Why Does the Verb Fail to Be Xabar? A Relevance-Theoretic Analysis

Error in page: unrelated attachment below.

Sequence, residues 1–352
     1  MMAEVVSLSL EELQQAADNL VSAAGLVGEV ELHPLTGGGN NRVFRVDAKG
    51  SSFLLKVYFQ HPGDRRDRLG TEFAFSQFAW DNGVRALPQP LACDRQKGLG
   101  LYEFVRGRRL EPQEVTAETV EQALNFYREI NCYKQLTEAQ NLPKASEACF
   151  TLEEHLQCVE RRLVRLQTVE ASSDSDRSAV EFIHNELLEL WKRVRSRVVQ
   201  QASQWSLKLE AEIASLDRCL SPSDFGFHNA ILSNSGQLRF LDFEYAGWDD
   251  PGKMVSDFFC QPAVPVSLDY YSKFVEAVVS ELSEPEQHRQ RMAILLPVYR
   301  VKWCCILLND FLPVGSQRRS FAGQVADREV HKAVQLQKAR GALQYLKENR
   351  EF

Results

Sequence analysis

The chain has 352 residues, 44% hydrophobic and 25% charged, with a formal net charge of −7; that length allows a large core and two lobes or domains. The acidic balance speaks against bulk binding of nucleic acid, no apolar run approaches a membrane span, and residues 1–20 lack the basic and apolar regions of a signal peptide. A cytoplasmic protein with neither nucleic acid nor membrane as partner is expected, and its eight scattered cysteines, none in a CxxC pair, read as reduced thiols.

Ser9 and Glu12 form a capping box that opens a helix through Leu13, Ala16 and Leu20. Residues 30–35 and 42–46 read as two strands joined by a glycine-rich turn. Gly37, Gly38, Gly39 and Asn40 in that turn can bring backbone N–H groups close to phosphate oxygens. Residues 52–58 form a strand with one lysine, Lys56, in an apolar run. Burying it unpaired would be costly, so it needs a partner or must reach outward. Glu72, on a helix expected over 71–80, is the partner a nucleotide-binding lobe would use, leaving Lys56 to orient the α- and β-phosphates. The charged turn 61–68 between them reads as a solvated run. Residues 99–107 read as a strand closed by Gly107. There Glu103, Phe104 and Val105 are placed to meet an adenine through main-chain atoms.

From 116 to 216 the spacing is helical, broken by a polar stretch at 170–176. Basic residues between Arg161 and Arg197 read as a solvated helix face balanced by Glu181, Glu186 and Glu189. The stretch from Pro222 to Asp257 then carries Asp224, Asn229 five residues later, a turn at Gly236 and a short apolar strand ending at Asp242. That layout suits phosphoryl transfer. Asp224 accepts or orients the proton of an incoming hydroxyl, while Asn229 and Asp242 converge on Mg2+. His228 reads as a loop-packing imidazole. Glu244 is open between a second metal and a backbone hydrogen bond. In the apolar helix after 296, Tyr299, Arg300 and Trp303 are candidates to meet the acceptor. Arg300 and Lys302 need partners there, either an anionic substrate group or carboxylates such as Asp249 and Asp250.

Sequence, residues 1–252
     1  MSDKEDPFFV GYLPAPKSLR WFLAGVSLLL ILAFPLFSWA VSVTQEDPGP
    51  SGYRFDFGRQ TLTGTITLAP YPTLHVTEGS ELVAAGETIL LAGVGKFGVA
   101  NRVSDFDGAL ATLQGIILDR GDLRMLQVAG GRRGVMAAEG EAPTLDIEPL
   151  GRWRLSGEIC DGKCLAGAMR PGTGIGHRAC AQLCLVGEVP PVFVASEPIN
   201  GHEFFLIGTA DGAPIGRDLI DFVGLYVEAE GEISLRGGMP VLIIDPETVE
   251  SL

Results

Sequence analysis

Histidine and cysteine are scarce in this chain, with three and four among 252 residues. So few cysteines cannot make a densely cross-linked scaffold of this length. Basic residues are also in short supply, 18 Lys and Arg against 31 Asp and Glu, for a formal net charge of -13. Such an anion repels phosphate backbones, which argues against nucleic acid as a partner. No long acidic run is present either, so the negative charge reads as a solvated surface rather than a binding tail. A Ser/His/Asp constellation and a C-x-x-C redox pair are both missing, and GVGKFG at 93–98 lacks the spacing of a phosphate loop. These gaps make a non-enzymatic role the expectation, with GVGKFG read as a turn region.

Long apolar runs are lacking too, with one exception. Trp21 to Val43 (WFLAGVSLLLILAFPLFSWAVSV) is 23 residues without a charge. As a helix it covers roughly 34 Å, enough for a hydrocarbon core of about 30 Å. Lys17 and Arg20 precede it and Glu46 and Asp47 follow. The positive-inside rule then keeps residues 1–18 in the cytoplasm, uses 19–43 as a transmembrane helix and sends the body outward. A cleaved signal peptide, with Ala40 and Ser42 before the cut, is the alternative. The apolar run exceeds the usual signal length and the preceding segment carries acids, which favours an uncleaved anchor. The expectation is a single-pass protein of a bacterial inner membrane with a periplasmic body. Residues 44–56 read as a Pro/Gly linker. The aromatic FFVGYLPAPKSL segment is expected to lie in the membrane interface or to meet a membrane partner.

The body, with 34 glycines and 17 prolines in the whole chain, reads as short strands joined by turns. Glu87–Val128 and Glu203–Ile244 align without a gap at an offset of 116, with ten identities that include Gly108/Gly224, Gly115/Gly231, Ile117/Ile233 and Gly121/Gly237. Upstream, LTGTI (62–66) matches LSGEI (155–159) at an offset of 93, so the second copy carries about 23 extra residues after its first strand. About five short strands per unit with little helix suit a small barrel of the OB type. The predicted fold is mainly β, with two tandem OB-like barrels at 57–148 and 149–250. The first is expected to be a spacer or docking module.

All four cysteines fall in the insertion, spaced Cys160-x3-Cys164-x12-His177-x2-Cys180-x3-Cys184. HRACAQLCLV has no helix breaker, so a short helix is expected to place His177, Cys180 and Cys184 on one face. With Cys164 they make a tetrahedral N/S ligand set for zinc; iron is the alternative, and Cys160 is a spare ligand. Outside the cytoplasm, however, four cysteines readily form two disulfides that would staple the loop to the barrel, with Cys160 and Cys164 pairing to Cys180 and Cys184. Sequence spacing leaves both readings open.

Adopting a psycholinguistic model of analysis such as Relevance Theory (Sperber & Wilson 1986a), helps, we argue, account for traditional Arab grammarians' long-standing belief that the verb, as a lexical category, fails to be xabar (a rheme). Concisely, this paper aims to explore the 'linkage' between linguistic structure and pragmatic interpretation. The proposal adopted here is that, following Al-Jarrah (2009), actions, being less concrete than participants, tend to stand out less in the "landscape"; and thus, are less likely to create maximal relevance. In relevance-theoretic terms, verbal constituents create, we argue, less contextual effects for larger processing cognitive effort. Nominal constituents, on the other hand, are more likely to be relevant because they are, we believe, the "discourse entities" which are mainly the potential carriers of information. The present study advances the uniform assumption that the “rhematic status” of a constituent - be it nominal, verbal, etc. - is exclusively determined by its overall relevance to the context in which it occurs, i.e. the one causing substantial modification to the cognitive environment of the interlocutors in the discourse. In order to empirically support the validity of this claim, the information structuring of the opening of some Qur'anic chapters (Arabic: suras) is investigated. Whereas some chapters (e.g. 'al-muŧaffifeen, 'al-''la) follow the verbal pattern (V S), others (e.g.'altakweer, 'al-inshigaag, 'al-infiŧaar) follow the nominal pattern (NP VP)...
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